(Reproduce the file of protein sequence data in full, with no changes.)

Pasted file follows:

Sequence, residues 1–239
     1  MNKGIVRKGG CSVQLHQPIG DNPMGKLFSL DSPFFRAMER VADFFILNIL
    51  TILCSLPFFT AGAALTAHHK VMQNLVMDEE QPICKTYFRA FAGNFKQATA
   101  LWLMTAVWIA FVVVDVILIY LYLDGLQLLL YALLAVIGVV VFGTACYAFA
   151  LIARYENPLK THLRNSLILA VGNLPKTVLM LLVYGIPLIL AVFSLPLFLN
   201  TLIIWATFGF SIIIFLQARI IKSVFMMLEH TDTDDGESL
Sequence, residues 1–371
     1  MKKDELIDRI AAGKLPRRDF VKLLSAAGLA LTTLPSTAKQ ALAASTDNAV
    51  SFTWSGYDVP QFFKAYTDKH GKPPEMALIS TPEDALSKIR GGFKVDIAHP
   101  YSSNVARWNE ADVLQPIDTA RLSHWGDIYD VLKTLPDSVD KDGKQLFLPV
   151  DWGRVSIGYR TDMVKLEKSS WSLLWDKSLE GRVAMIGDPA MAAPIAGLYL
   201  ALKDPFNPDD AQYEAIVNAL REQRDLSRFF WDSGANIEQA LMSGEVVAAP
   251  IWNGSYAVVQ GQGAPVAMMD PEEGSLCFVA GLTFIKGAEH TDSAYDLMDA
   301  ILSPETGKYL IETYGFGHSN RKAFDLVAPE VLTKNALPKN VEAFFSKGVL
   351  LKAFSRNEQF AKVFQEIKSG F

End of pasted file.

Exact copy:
Sequence, residues 1–239
     1  MNKGIVRKGG CSVQLHQPIG DNPMGKLFSL DSPFFRAMER VADFFILNIL
    51  TILCSLPFFT AGAALTAHHK VMQNLVMDEE QPICKTYFRA FAGNFKQATA
   101  LWLMTAVWIA FVVVDVILIY LYLDGLQLLL YALLAVIGVV VFGTACYAFA
   151  LIARYENPLK THLRNSLILA VGNLPKTVLM LLVYGIPLIL AVFSLPLFLN
   201  TLIIWATFGF SIIIFLQARI IKSVFMMLEH TDTDDGESL
Sequence, residues 1–371
     1  MKKDELIDRI AAGKLPRRDF VKLLSAAGLA LTTLPSTAKQ ALAASTDNAV
    51  SFTWSGYDVP QFFKAYTDKH GKPPEMALIS TPEDALSKIR GGFKVDIAHP
   101  YSSNVARWNE ADVLQPIDTA RLSHWGDIYD VLKTLPDSVD KDGKQLFLPV
   151  DWGRVSIGYR TDMVKLEKSS WSLLWDKSLE GRVAMIGDPA MAAPIAGLYL
   201  ALKDPFNPDD AQYEAIVNAL REQRDLSRFF WDSGANIEQA LMSGEVVAAP
   251  IWNGSYAVVQ GQGAPVAMMD PEEGSLCFVA GLTFIKGAEH TDSAYDLMDA
   301  ILSPETGKYL IETYGFGHSN RKAFDLVAPE VLTKNALPKN VEAFFSKGVL
   351  LKAFSRNEQF AKVFQEIKSG F